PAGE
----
Video has never been a more important part of mobile strategy. With video consumption continuing to rise it’s clear why it has become the preferred choice for advertisers, but striking the balance between grabbing attention and annoying a user is tricky.
Naturally, user experience should be at the heart of digital advertising, but increasingly we are seeing different platforms and publishers turn to invasive ad formats in order to target their audience.
Facebook, for example, is struggling to come up with new ideas about how it can best interrupt the viewer while still maintaining a good user experience. Its latest efforts are mid roll ads and autoplay audio.
The social media site isn’t alone in deciding that autoplay is the way forward. Google has also started testing autoplay video in search results on desktop, as well as tap and play for mobile.The reasoning seems to be that just playing the ads anyway will somehow batter the viewer into submission. Eventually, just like terrestrial TV, they’ll come to expect the ‘ad break’ as a fact of life.
When browsing on mobile, the experience for consumers is completely different. Watching TV, viewers get up and grab a snack, browse their phones, chat to their kids. On mobile, the user experience, relevance and intrusiveness plays a bigger part than on other channels, including both TV and desktop.
Our data has shown that a peak time for video consumption is between 7pm and 10pm. We would speculate that this is because people are less likely to complete videos while at work or commuting. Therefore, to make video consumable at all times of the day, videos have to be non-intrusive and relevant. Autoplay video in a public environment is likely to further deter people from watching a video.
On the bus, in the sitting room, in class, an ad for washing powder - or worse - bursts unwelcome into life. And then we wonder why viewers flock to ad blockers - up 41% in the last 12 months and showing little sign of slowing down.
When what we actually need is great ads delivered in a great way. It sounds simple and it really is. We’ve just got ourselves into this spiral of ‘put more out, further, faster’ to chase these elusive clicks. Instead, we need to drill back down to quality. Quality of creative, quality of message, quality of inventory and quality of targeting.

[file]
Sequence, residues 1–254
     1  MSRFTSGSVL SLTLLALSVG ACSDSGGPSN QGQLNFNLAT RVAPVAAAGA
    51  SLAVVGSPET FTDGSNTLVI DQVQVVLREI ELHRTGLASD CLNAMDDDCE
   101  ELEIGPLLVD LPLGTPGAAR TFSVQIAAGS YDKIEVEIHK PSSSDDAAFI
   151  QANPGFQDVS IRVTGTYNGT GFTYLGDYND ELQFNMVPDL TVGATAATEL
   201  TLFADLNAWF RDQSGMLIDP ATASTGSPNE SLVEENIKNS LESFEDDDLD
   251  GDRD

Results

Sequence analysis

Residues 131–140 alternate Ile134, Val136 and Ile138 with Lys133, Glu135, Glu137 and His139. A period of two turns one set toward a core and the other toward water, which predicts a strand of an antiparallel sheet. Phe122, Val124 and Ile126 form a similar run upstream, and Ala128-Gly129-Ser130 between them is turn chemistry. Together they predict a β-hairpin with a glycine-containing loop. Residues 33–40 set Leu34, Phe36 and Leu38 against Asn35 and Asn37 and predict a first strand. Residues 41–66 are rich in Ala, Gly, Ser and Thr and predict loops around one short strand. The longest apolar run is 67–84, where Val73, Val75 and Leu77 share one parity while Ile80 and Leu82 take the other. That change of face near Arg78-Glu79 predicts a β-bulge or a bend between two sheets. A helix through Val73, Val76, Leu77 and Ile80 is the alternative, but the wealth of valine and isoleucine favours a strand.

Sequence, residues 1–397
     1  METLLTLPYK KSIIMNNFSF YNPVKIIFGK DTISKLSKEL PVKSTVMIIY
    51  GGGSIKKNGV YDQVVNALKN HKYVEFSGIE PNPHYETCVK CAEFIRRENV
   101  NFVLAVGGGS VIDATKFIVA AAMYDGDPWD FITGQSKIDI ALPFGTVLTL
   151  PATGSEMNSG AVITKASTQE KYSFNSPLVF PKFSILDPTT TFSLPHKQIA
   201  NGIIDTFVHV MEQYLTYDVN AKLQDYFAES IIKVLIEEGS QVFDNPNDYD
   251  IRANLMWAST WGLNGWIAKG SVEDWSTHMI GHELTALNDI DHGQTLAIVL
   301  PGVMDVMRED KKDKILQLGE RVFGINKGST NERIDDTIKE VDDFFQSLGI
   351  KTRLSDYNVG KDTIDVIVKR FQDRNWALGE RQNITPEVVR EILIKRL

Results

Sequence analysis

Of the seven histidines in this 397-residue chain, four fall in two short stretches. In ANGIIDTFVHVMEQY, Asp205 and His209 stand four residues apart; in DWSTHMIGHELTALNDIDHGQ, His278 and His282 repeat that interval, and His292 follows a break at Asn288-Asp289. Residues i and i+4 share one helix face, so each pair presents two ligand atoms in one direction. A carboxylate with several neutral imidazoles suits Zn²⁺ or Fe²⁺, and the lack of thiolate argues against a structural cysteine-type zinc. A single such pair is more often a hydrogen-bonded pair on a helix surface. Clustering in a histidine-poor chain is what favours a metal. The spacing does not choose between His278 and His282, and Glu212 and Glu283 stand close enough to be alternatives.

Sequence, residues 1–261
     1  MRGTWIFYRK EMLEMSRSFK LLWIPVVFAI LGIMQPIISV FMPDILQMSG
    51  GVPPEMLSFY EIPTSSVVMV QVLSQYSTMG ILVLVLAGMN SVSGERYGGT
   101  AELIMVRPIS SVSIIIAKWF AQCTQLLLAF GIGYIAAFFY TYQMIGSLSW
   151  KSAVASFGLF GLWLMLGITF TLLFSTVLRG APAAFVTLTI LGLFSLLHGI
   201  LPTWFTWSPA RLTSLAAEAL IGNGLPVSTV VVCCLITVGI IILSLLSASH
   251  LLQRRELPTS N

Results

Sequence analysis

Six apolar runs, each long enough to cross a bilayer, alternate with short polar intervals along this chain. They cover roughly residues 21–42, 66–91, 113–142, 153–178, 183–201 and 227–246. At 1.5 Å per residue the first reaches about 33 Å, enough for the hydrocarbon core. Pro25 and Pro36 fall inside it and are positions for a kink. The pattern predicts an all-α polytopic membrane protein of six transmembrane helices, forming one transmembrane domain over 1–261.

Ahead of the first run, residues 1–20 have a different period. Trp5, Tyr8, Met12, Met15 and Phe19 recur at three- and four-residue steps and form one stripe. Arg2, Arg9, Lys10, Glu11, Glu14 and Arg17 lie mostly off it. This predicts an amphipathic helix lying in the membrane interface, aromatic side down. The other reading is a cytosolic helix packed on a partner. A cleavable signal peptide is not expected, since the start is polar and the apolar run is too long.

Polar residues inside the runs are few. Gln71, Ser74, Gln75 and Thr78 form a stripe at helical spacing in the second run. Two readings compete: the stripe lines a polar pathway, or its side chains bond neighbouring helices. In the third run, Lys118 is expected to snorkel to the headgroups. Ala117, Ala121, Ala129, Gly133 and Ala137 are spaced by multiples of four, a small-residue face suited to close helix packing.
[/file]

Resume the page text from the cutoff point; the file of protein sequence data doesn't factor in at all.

If we build quality into our thinking, we build a good user experience instead of a negative one. When great UX is at the center, people sit up and notice rather than heading straight for the ad blocker. Better user experience equals better video engagement.
At Widespace, we believe in a seamless video experience. By inserting videos into content in a way that doesn’t interfere with, but instead enhances the viewing experience, users are far more likely to engage with the brand. The best way to do this is by using an outstream solution.
Simply, it allows viewers to decide if they want to view the ad. Even a negative decision is in itself a positive response. If they don’t choose to view, as advertisers we know that ‘now is not the time’. If it happens repeatedly, it’s about more than just the time. It could mean you have reached the wrong audience, which is valuable information for an advertiser.
Advertisers need to exercise their creativity in that single ad frame to encourage the customer to dwell longer, interact and to get even deeper engagement. In a way, a gentle interruption to entice the viewer to a bigger one is perhaps the key to building better brand relationships.
Understanding the user, not just in how they might interact with your brand or brands like you, is vital. How they consume media, where their attention span is stretched, what catches their eye about the world around them.
But above all, if advertisers are going to make engaging video ads that work they have to understand one simple point: video is not TV and the UX rules have completely changed. Six seconds is a long time on mobile. Make them count.
By Kerry Forsberg, head of programmatic solutions at Widespace
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